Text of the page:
For those that don't follow sports (and I'm only a casual sports fan and I'm not from Pennsylvania), Paterno was to his fans a living legend. Even while other longtime coaches had bad reps (Bobby Bowden) or were disgraced (Jim Tressel), Paterno was seen as one of the good guys. And he had ridiculous longevity. When the Berlin Wall was built, he had already been an assistant coach at Penn State for 10 years. Five years later he became head coach and here we are 45 years later. I've heard him called the most important man in Pennsylvania and one of the most significant coaches in American sports history, and I can't really disagree.

All of this, of course, only makes his (in)actions all the more despicable.

So whether or not McQueary told him it was anal sex, "sexual activity" + "child" + "shower" should theoretically equal "what the fuck calling the police now."

Yes, exactly. Paterno's own testimony says that McQueary told him about fondling and/or sexual activity. There's nothing ambivalent about that. Unless you're going to claim the grand jury testimony transcript is wrong, there's no excusing Paterno.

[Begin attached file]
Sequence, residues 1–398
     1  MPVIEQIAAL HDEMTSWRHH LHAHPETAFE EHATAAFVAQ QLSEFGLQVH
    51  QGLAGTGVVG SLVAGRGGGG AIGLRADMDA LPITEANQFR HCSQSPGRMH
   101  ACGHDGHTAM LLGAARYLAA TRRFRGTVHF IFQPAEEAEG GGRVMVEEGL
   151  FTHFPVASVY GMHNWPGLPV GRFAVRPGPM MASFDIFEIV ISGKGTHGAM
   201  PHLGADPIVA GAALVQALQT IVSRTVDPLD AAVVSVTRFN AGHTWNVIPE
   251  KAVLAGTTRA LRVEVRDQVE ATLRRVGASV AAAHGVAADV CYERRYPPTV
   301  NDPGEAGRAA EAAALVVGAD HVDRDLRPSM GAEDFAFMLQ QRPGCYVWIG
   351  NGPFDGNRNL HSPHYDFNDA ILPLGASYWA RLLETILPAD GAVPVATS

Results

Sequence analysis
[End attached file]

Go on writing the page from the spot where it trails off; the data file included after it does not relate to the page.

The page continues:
posted by kmz at 9:38 AM on November 10, 2011 [2 favorites]


valkyryn: Nonsense. Modern universities serve more than just their undergraduate students, and those outreach efforts are often part of the job description. If university athletic departments don't want to be held to mandatory reporting laws, they need to stop making support of youth athletics and youth fans an important part of their brand.

If you put your trademark on the event, have your head coach run the event, host the event in your facilities, and charge the parents money for the event, I think there's a strong argument that the connection is more than tangental. Any time you're taking money to work with kids for a few hours, you assume a duty of care which includes mandatory reporting.
posted by CBrachyrhynchos at 9:38 AM on November 10, 2011 [7 favorites]


We send 18 year old young men and women into battle where they are shot at and sometimes killed expecting them to nonetheless follow orders and face danger and act ethically.

Can we not expect even a fraction as much fortitude from former quarterbacks?
posted by spitbull at 9:38 AM on November 10, 2011 [2 favorites]


In a way, as JoePa is being put through all this, it seems to me kind of like the story of JC dying, to save everybody else.

Well, yes. Since sports professionals are among the most corrupt people on the planet, large amounts of bullshit have to somehow reconcile the population to continuing to support them.
posted by telstar at 9:41 AM on November 10, 2011


There is no excusing so many of those involved...